SAUNDERS: About 1:30 in the morning, and then the current was so strong then the roof started to lift and the next thing I remember, I was underneath the water. My son was standing and I know he had the search light and he just disappeared with search light. I heard then screaming, "Daddy, daddy, daddy."

OPPMANN: He was in the water at that point, right?

SAUNDER: He was already gone. And minutes later, when I came from underneath the water, I threw my hand, I caught on to the truss the roof carried me away.

So we were like but 600 feet away from each other for about two days, and we caught up into the pine tree about 32 feet high.

OPPMANN: So the water carried you into a pine tree in the middle of the night.


OPPMANN: Your son was ways away from you.


OPPMANN: What was going through your mind? You must have been terrified.

SAUNDERS: Yes, I was hoping that he was alive and he thought I had died also. It wasn't until, you know, two days later that we saw one another. He was under the trailer right there and that's where we saw one another.

OPPMANN: How would you describe the damage in this area?

SAUNDERS: It was very devastating. You know, it is major damages.

OPPMANN: Do you recognize your own town anymore?

SAUNDERS: Not really. No. It would take a while. You know, everything looks different. Even in my own premises here, my house is another city. I don't even recognize because we were in the pine tree and the wind was so severe. And the consistent rain. You could not recognize anything. Even as I'm standing here talking to you, it is unrecognizable.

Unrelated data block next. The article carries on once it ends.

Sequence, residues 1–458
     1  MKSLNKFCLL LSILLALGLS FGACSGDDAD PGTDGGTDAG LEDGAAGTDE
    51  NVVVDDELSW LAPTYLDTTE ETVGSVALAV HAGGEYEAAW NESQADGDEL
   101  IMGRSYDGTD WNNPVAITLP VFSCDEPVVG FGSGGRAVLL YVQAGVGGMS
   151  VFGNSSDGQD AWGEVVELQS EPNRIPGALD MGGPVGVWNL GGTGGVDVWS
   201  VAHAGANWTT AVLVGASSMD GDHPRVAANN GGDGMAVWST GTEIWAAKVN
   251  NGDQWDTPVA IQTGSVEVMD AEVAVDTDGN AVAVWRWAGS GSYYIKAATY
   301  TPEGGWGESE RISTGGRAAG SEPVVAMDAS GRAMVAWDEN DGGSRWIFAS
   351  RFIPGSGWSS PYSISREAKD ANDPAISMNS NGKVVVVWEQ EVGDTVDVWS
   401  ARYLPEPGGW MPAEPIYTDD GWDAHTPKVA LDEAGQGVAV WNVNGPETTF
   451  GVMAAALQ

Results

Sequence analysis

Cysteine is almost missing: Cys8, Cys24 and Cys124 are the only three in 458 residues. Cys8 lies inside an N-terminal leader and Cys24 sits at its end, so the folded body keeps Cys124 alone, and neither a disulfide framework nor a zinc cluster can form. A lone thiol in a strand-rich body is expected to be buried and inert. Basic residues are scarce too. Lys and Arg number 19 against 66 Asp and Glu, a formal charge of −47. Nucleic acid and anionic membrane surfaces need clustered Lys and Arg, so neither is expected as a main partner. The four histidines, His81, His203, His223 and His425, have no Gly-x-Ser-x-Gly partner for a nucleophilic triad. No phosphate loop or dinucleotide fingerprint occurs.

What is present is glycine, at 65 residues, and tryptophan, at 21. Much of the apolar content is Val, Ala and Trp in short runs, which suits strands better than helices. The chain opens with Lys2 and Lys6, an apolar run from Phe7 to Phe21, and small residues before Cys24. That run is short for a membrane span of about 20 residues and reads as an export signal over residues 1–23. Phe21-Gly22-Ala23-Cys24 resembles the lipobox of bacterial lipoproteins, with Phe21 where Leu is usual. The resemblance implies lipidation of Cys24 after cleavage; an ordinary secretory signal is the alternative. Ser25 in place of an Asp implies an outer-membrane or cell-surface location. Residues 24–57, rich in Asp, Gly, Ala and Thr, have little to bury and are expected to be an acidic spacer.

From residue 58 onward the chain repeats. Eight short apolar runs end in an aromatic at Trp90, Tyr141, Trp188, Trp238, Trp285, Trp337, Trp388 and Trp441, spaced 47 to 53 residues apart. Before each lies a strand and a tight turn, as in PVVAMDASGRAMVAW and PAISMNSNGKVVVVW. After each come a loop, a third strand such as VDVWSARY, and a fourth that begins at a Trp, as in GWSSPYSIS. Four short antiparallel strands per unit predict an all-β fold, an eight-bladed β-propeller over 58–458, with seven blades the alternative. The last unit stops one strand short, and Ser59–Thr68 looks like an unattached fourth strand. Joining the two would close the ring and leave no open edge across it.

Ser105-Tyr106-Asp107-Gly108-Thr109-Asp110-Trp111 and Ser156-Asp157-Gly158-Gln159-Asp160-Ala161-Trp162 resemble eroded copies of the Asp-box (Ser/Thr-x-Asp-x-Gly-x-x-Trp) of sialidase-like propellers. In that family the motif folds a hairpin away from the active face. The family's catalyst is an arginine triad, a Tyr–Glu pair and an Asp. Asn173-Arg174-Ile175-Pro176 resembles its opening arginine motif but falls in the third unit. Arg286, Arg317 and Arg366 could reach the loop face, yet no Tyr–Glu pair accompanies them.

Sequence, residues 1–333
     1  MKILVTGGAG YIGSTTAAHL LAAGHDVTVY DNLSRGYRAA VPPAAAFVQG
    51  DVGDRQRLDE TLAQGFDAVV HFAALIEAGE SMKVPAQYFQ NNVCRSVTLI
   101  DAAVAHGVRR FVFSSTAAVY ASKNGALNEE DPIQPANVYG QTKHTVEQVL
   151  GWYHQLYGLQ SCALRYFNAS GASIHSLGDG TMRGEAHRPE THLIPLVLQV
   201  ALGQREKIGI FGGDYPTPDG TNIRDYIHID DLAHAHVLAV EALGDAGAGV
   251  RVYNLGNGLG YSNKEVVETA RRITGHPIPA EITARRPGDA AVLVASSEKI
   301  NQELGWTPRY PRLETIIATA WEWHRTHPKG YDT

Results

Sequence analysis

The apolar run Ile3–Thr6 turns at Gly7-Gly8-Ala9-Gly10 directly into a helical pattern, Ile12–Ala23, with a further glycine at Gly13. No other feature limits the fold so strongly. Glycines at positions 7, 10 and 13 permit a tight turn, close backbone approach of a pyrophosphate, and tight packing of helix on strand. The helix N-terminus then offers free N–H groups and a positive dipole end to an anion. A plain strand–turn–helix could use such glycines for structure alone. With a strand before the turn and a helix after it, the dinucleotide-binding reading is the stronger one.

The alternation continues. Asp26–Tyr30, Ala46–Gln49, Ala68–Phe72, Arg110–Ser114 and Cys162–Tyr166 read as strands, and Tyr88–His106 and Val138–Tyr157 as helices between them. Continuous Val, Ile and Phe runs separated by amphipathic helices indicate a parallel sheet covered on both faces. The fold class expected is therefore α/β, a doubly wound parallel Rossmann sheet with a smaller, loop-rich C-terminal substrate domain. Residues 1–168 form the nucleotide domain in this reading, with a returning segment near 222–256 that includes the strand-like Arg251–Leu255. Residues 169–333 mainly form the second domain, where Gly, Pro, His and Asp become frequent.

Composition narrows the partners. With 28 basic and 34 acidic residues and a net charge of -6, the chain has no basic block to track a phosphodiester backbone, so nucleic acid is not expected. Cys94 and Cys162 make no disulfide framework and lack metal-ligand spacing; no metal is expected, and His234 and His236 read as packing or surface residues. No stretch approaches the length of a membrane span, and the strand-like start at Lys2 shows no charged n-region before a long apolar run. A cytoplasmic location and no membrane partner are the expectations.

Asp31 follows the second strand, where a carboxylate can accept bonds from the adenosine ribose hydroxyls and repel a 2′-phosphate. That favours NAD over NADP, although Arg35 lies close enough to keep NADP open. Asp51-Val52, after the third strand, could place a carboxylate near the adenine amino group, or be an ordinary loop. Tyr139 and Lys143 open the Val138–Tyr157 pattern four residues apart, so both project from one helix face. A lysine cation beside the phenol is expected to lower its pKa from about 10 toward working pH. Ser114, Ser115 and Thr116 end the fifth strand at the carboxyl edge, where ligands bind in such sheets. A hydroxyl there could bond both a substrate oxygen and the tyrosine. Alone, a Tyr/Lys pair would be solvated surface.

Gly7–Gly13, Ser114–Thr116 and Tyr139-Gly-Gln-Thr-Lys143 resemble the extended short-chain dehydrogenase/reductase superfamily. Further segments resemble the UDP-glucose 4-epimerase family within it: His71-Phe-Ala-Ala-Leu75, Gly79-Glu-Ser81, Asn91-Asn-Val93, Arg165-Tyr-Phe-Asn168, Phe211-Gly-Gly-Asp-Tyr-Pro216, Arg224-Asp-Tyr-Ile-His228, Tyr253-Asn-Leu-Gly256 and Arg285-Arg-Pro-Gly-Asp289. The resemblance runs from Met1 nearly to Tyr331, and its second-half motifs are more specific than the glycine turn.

OPPMANN: How much help has come from the government? I don't see much. People are asking us for water.

SAUNDERS: Yes, the government is on its way. It's going to take a bit of time to go to the settlements. But they are doing everything gradually, you know.

OPPMANN: Do you wish they were moving quicker?

SAUNDERS: Yes, I wish they can move quicker than they are moving.

OPPMANN: And tell me what you need here. What are the priorities?

SAUNDERS: A lot of people have lost most of the clothes, water, any food. We are suffering a lot. You know, cosmetic stuff, basic stuff right now.


OPPMANN: And you can't tell from here, but your church was behind your house. What is left of your church where you used to preach to this community?

SAUNDERS: Everything is gone now (INAUDIBLE) ...

BALDWIN: Okay, we're losing them for understandable reasons. But Patrick and to the Pastor, thank you so much. It is just shocking all the way around and we're hearing more from those who battled Dorian as they fought for their lives.

This is Adrian Farrington and his five-year-old son, AJ. They treaded water for an hour as the storm raged, trying to stay afloat, and in a desperate effort to keep his son safe, Adrian put little AJ up on the roof planning to join him minutes later. But what happened next is something no parent should ever have to experience.


BAHAMAS: A gust of wind blew him off the roof on the next side of the home, back into the surge water. I still got to see my son getting dragged across the roof reaching out.


BALDWIN: Adrian Farrington says he jumped in to search for his son, but couldn't see anything in the debris-filled water. He'd been dove down a second time, but eventually went to higher ground after being battered by all the waves. Adrian, who is being treated for broken bones suffered during the storm, he told a local paper that he can still remember his son calling him "daddy" as he was swept away. He said if his son was rescued, he would, quote "Praise the Lord."